The Clientele, ICA, London
Dream team keep it surreal
Rob Sharp is arts correspondent of The Independent and i newspapers. He has worked for The Independent since July 2007, reporting to both the news and features editors. He has previously supplied regular arts stories to The Observer, occasionally The Sunday Telegraph and The Guardian, and even more occasionally The New Statesman and The Art Newspaper. He is a Fellow of the Royal Society of Arts, and a former British Press Award nominee.
Wednesday 14 April 2010
Alasdair MacLean is not your ordinary kind of frontman. For one, he graduated from Edinburgh University with a first-class degree in English literature in the early 1990s and now mixes touring, recording and songwriting with endless hours spent at an easel. The lyrics he brings to his band, the Clientele – a four-piece comprising two guitarists, a drummer and an organ-player-cum-violinist-cum-xylophone-player, Mel Draisey, who also plays with Peter Bjorn and John – are impressionistic, and also reveal a predilection for quoting 1920s French surrealist poetry.
Such past times might suggest intensity, and MacLean reveals that kind of demeanour tonight. The band had just returned from a tour of the US, where they have a greater following than in Blighty, and MacLean curses his way through tuning episodes between songs, explaining, incongruously, that he's feeling really nervous – "sweating with fear" – self-deprecatingly referring to the group as "amateurs". Such swipes are clearly delivered with a sense of self-knowingness. The others simply smile. Draisey explains that she's lost her voice. Drummer Mark Keen jokes, "I lost my dog the other day." The atmosphere is convivial, with a crowd mainly made up of a thirtysomething fan base, who spend much of the gig shouting for the band to perform their 2003 track, "House on Fire" (they oblige, later).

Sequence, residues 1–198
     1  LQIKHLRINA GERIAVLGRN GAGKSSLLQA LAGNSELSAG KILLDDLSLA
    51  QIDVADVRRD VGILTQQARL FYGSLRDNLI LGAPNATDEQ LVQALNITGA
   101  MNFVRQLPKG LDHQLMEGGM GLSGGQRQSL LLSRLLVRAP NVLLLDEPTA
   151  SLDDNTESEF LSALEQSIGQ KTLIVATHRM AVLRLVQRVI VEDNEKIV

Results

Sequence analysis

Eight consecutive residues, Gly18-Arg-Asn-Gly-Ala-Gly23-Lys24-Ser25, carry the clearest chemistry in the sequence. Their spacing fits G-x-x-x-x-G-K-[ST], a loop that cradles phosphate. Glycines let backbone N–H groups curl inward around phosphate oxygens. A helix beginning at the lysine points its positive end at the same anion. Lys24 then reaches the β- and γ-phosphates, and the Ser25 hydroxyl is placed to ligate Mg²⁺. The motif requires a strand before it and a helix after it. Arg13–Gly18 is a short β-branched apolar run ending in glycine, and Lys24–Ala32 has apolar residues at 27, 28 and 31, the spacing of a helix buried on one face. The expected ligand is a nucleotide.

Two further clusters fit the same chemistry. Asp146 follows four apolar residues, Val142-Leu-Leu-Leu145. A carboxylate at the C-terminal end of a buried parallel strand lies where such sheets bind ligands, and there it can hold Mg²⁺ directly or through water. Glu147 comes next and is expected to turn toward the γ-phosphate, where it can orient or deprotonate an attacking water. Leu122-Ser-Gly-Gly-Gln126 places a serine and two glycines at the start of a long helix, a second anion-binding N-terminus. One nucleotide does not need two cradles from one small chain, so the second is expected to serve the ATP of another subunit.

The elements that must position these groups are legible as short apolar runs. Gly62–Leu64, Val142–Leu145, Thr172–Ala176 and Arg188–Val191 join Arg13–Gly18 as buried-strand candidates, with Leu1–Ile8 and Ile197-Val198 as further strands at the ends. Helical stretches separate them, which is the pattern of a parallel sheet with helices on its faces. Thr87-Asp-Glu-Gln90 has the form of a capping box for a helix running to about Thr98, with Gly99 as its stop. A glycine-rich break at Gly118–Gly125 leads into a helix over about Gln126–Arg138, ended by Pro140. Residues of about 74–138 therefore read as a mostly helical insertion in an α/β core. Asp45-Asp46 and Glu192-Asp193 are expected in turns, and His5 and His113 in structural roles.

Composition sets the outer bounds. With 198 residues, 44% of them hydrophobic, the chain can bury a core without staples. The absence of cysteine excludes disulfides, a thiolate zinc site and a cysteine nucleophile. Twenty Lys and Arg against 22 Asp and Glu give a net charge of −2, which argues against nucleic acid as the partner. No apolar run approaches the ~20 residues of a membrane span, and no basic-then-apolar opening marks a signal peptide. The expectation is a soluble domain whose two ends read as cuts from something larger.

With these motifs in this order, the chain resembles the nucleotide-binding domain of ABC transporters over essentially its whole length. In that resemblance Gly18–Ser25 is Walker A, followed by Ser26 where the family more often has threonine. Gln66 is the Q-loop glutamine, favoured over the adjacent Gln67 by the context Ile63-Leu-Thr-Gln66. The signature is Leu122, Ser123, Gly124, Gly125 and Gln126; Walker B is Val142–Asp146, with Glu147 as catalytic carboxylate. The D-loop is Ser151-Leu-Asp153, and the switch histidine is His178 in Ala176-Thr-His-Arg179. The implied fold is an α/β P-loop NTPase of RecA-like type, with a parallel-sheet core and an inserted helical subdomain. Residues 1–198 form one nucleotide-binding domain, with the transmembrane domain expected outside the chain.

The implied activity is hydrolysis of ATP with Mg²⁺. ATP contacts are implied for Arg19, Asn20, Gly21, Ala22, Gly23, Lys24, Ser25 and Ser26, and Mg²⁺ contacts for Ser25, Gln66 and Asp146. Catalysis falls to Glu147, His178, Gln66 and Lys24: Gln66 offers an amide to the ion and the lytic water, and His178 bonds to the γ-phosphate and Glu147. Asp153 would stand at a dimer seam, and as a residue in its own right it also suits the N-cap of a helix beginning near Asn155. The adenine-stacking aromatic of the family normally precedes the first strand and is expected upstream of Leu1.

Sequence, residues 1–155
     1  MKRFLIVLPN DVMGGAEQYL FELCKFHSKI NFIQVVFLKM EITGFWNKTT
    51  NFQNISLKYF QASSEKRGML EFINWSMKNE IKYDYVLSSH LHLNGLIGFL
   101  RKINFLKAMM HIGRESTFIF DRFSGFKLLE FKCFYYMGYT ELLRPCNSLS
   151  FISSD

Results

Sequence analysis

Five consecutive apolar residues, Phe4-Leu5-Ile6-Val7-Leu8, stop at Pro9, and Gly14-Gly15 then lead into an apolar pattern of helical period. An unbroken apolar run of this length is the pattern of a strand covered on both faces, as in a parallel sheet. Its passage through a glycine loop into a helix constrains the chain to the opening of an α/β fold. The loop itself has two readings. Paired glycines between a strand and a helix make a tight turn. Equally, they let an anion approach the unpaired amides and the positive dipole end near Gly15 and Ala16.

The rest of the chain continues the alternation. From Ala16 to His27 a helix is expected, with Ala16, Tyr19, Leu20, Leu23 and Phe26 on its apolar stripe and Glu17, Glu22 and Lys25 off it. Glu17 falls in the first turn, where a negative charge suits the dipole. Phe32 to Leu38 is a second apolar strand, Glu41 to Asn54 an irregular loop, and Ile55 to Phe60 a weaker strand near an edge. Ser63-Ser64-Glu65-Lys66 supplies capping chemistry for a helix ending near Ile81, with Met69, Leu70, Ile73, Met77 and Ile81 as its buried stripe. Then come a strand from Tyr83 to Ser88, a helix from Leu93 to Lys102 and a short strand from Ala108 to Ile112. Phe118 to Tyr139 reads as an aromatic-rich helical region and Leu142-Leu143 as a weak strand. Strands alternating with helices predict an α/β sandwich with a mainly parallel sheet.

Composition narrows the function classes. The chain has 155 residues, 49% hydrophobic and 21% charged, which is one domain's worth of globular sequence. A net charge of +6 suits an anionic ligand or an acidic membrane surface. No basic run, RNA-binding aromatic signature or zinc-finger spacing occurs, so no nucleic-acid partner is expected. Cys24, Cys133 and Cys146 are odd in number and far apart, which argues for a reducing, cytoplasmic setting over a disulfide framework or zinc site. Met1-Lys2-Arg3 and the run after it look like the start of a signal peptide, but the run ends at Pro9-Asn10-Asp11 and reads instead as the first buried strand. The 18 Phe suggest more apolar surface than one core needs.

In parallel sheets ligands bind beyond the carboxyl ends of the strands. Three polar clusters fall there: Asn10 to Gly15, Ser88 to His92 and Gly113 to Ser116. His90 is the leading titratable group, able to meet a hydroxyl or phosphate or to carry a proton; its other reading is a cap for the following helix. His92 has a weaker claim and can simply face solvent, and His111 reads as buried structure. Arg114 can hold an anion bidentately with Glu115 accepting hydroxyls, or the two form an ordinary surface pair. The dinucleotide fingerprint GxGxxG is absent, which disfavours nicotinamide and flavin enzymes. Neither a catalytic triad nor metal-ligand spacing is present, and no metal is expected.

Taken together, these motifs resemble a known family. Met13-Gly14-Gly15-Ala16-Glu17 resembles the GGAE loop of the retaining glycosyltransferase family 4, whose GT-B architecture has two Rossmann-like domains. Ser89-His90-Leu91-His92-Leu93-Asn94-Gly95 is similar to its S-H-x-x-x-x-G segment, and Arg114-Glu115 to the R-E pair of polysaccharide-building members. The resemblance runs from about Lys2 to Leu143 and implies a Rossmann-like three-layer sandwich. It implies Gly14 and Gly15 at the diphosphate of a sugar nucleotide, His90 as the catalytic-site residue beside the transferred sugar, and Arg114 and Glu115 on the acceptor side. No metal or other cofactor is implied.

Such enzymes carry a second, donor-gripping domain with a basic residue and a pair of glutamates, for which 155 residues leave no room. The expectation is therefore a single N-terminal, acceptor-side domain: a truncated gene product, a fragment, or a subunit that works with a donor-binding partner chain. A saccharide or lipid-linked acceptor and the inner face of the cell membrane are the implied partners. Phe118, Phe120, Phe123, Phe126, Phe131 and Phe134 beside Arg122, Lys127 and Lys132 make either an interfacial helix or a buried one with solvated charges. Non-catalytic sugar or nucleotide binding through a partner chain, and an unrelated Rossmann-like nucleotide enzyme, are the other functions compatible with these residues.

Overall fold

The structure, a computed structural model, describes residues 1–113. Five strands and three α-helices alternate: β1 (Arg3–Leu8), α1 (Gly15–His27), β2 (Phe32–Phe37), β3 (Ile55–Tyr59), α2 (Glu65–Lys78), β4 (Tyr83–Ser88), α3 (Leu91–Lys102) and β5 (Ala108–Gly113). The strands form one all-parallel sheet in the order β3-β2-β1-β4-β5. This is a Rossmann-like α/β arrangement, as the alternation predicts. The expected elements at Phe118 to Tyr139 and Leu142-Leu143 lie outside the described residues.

The majority of the songs are taken from the 2009 album, Bonfires on the Heath. Unlike the baroque, layered nature of their recorded work, in a live setting the sound of MacLean's vocals and guitar somewhat drown out Draisey's own vocals and keys, lending a more poppy, Shins-esque feel, which occasionally segues into long, repetitive, sequences.
The night is opened with "Since K Got Over Me". Other tracks include "We Could Walk Together" ("And watch the fools go rolling on through still fields as the darkness falls on England green"), "I Know I'll See Your Face", "Here Comes the Phantom", "Bonfires on the Heath", "Never Anyone But You", "Harvest Time" and "Reflections after Jane". Arguably the band's biggest hit, "Bookshop Casanova", is preceded by a dedication to US singer-songwriter Alex Chilton, who died last month, and whose material the band sometimes cover. MacLean gyrates and contorts his mouth when singing and moves his guitar like he's panning for gold. It's a degree of care that invariably speaks of lost love or an Albion-esque vision of lost Britain. Tonight, this view is completed by the sight of Peters Sellers and Cook hamming it up on a background projection of Jonathan Miller's 1966 television play, Alice in Wonderland. It all adds a ghostly, dream-like quality to MacLean's reverb-rich guitar and breathy vocals. Especially since the film seems to end almost immediately as the band leave the stage. It's both a kiss goodnight and a glance at a nation we'll never see again.
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